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Figure 46-1d  K, After ensuring good hemostasis, the impulse is placed in the pocket, with any excess lead coiled loosely and inserted within the pocket, behind the impulse generator. L, The pocket and paravertebral incisions are then closed in two layers: a layer of interrupted, absorbable sutures in the subcutaneous tissue overlying the impulse generator and lead and a separate layer in the skin.


The procedure for initial lead placement for permanent implantation is identical to that for the trial stimulation. Once the final lead is in position and the optimal pattern of stimulation is confirmed, the lead is secured, a pocket for the impulse generator is created, and the lead is tunneled underneath the skin for connection to the impulse generator. Following initial lead placement, the epidural needle is withdrawn slightly (about 1–2 cm) but left in place around the lead in the subcutaneous tissues to protect the lead during the subsequent incision and dissection ( Fig. 46-1 F ). A 5- to 8-cm incision parallel to the axis of the spine is extended from cephalad to caudad to the needle, extending directly through the needle’s skin entry point (see Fig. 46-1 F ). The subcutaneous tissues are divided using blunt dissection until the lumbar paraspinous fascia is visible surrounding the needle shaft. The stylet is then removed from the lead, and the needle is withdrawn, using care not to dislodge the electrode ( Fig. 46-1 G ). The lead is then secured to the paraspinous fascia using a specific anchoring device supplied by the manufacturer ( Fig. 46-1 H ).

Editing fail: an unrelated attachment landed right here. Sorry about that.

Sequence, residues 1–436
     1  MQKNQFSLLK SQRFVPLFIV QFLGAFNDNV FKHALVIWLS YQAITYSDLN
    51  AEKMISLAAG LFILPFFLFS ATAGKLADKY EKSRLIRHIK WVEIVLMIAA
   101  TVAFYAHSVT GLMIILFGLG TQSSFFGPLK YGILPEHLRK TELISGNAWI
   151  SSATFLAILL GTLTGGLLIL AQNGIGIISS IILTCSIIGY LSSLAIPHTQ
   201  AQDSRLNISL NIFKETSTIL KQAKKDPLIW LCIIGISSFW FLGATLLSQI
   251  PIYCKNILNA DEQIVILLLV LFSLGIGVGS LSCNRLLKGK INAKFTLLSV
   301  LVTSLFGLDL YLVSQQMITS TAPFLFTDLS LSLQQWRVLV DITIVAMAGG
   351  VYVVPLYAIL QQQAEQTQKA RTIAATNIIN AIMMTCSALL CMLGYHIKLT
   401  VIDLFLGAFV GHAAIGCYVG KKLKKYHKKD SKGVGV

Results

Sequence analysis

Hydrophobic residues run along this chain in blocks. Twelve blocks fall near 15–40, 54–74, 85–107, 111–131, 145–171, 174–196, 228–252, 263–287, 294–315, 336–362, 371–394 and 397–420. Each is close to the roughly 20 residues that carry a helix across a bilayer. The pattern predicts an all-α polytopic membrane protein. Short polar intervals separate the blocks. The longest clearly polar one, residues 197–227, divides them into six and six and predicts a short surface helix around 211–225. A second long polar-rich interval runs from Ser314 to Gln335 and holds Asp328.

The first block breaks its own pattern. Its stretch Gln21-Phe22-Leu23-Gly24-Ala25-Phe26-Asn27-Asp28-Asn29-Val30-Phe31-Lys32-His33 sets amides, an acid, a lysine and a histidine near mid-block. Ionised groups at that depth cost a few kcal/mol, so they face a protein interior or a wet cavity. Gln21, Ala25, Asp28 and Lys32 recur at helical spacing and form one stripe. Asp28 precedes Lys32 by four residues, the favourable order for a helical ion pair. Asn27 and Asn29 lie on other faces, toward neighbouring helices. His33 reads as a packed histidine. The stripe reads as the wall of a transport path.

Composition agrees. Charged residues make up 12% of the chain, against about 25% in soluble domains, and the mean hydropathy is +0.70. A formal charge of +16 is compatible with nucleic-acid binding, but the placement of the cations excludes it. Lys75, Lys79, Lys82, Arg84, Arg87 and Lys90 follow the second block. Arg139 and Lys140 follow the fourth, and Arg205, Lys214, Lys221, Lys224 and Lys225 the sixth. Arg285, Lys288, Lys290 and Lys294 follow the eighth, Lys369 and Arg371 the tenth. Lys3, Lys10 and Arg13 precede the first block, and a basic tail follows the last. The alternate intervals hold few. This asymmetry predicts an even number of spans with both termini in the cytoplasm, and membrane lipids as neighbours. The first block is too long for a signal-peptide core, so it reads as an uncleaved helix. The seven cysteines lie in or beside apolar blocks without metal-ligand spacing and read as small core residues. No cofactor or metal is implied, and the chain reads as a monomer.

If lead placement has been carried out in the prone position and the impulse generator is to be placed in the abdominal wall, the lead must be coiled underneath the skin, the paraspinous incision temporarily closed using staples, and a sterile occlusive dressing applied. The sterile drapes are then removed, and the patient is repositioned in the lateral decubitus position with the side where the abdominal pocket is located facing upward. After repeat preparation of the skin and application of sterile drapes, attention is turned to creating the pocket in the patient’s abdominal wall or overlying the buttock (when the impulse generator is placed over the buttock, this site is included in the initial skin preparation and draping).